My comments are focused on the next three months. I’ve provided links to articles that expand on my views. There is a lot of near-term uncertainty as you, no doubt, appreciate.
In the first quarter of 2020 (if MCS clients’ investments were treated as one large portfolio including their cash), on average clients gained 0.36%1, after fees. For comparison purposes, the S&P 500 Total Return Stock Index (S&P 500) gained 5.57%, and the Barclays Aggregate Bond Index gained 6.79%. The range of MCS individual client returns was from a gain of 6.72% to a loss of 6.45%.
Clients with the lowest returns had their allocation to equities reduced to eliminate further downside risk in the first quarter of this year, so they missed out on the rebound in stock prices in the latter half of the year. Clients with the highest returns had exposure to select technology stocks that did well. Overall, MCS client returns were protected by the defensive posture of their portfolios.
Does the Election Matter?
According to a J.P. Morgan Private Bank analysis, the financial markets appear to be betting on a Blue Wave; Democrats taking the Presidency, House and Senate. President Trump threw a curveball into Stimulus Bill negotiations by suggesting far more stimulus than the Republican position. The markets are concluding significantly more government money will be available (someday) and will support financial asset prices regardless of who wins. Nevertheless, delays in stimulus will undermine stock prices. The likelihood of tax increases to address massive pre-pandemic and pandemic deficits is not currently troubling the markets.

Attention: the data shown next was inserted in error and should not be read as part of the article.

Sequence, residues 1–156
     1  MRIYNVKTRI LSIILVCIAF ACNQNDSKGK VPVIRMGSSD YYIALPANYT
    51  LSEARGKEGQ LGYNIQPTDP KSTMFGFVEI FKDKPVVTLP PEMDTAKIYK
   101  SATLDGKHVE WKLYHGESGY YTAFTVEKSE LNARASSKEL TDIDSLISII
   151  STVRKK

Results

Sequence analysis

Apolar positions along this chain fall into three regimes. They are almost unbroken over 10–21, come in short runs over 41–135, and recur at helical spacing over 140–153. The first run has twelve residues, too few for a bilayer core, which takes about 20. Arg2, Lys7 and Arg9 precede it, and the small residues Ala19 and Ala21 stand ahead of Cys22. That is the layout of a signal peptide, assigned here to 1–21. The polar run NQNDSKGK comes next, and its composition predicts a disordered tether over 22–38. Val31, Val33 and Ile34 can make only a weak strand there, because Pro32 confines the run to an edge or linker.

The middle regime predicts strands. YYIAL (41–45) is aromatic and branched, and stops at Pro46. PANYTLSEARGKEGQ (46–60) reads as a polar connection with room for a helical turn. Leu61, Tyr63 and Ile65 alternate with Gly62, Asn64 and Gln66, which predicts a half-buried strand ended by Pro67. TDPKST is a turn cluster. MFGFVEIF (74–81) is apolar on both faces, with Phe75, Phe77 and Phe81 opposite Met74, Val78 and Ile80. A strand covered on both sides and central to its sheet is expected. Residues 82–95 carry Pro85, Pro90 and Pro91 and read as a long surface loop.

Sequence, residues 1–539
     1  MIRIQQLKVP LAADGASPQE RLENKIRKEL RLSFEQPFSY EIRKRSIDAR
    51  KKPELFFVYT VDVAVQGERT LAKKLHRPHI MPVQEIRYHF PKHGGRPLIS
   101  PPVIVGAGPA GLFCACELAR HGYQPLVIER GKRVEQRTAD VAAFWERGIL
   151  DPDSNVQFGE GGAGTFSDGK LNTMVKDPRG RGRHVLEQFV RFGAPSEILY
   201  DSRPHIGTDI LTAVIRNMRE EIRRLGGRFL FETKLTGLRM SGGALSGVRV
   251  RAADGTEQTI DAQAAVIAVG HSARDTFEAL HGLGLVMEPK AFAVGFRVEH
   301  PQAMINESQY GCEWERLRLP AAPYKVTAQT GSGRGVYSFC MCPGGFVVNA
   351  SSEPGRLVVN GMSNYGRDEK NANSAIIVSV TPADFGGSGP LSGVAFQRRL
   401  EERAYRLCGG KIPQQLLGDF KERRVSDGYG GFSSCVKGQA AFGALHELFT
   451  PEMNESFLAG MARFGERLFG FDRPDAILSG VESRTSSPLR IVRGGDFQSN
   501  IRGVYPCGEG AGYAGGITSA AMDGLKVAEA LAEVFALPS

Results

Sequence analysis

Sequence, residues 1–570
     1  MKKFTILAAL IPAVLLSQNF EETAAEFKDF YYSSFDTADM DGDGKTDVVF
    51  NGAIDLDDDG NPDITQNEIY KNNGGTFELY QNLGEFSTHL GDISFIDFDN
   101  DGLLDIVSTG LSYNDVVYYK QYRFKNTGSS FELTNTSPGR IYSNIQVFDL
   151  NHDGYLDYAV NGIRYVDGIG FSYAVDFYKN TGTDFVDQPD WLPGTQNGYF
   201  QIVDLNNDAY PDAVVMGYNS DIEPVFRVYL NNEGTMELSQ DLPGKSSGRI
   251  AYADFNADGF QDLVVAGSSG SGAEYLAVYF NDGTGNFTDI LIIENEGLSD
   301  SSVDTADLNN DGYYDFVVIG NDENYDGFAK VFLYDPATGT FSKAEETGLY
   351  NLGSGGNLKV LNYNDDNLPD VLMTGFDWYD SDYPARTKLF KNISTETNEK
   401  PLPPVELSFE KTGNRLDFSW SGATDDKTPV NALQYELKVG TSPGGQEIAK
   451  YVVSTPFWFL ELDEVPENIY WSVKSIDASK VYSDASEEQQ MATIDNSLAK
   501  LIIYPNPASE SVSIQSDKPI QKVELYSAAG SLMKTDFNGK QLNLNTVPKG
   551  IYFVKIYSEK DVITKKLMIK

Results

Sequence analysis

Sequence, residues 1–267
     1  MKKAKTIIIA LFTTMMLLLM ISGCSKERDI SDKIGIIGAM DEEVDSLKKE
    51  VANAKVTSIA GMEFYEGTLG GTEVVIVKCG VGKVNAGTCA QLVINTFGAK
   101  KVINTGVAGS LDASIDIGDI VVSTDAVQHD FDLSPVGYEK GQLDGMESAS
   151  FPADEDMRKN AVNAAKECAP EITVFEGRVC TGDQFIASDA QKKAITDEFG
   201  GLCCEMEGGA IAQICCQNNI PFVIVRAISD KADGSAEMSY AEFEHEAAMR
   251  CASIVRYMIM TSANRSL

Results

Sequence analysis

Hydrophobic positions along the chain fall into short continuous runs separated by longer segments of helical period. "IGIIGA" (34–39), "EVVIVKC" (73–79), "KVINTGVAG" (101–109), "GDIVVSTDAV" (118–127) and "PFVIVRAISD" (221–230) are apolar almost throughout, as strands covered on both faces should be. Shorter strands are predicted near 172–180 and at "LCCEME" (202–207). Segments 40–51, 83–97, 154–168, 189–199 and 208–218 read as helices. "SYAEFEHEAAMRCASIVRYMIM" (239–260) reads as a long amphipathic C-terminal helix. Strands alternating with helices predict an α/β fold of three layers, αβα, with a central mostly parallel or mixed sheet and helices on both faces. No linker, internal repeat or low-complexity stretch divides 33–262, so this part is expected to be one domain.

President Trump has been laying the groundwork to contest the election for months.
From a game theory standpoint, it’s an effective strategy. If Trump wins, he gets what he wants. If he loses, he will claim his loss is a result of what he has been warning about. Furthermore, there are going to be some mail in voting problems due to the strain on postal services and some states lack of experience with a mail in vote option. As this local news story from WBKN in Youngstown, Ohio shows, Trump will seize on these problems as ‘I told you so evidence’: https://www.wkbn.com/news/elections/trump-calls-ohios-election-rigged-followingsnafu-with-absentee-ballots/
Mistakes and poor execution are not evidence of voter fraud or election rigging. The FBI, many Republicans, and even his own son see no inherent problem regarding the legitimacy of mail in voting: https://www.npr.org/2020/08/28/906676695/ignoring-fbi-and-fellow-republicans-trump-continuesassault-on-mail-in-voting